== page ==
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StubHub ordered not to advertise tickets as “genuine”

UK advertising regulator, the Advertising Standards Authority (ASA), has ruled that secondary ticketing platform StubHub should not advertise tickets as “guaranteed genuine”, following a complaint from anti-tout platform FanFair Alliance.

The ASA ruled that StubHub cannot claim tickets are guaranteed genuine where there is a risk that buyers might not be able to gain entry into an event.

FanFair Alliance issued the complaint about a specific advert claiming it sells “guaranteed genuine tickets”. The complaint states that, as a third-party reseller, StubHub is unable to guarantee that tickets sold on its platform are genuine, rendering the claim  misleading.

In response, StubHub claimed that “genuine” refers to tickets not being fake or fraudulent, and does not imply that they are definitely valid for entry.

StubHub states its seller fraud rate is under 0.1% and all orders are backed by its ‘FanProtect Guarantee’, allowing fans to obtain a refund if they do not receive tickets on time or are unable to gain entry to the venue.

The ASA’s ruling considers that consumers would understand “guaranteed genuine tickets” to indicate the definite timely arrival of valid tickets guaranteeing entry to the relevant event.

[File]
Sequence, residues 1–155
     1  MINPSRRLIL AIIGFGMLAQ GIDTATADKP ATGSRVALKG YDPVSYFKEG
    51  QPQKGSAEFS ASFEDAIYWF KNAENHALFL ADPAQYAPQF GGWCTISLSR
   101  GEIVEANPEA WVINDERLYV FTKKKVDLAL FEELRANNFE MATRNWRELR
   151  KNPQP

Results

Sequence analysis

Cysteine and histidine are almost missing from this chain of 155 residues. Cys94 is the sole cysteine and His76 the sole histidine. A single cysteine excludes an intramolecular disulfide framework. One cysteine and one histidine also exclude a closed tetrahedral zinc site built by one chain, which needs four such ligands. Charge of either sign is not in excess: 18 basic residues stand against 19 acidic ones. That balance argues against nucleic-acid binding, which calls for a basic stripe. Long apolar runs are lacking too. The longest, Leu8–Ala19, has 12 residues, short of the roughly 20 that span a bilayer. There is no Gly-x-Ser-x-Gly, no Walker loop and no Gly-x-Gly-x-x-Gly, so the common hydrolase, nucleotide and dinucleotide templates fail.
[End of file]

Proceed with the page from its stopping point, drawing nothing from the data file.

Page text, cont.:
“We understood that the claim was intended by StubHub to refer to a guarantee that buyers would receive valid tickets for the event or a comparable replacement ticket or refund,” reads an ASA statement. “However, this information had not been presented in the ad.”

StubHub has now removed the advert in question. A spokesperson adds: “Every marketplace order is protected by the FanProtect Guarantee, meaning that in those rare instances something goes wrong with a transaction, fans will receive a comparable or better replacement ticket or their money back.”

“Given the impact of the coronavirus on the live events industry, we have made the difficult but responsible decision to furlough a portion of our employee base”

StubHub is among companies to have temporarily laid off staff due to the ongoing impact of the coronavirus pandemic. According to Celebrity Access, the ticketing platform has furloughed around two thirds of its work force.

“Given the impact of the coronavirus on the live events industry, we have made the difficult but responsible decision to furlough a portion of our employee base,” reads a StubHub statement.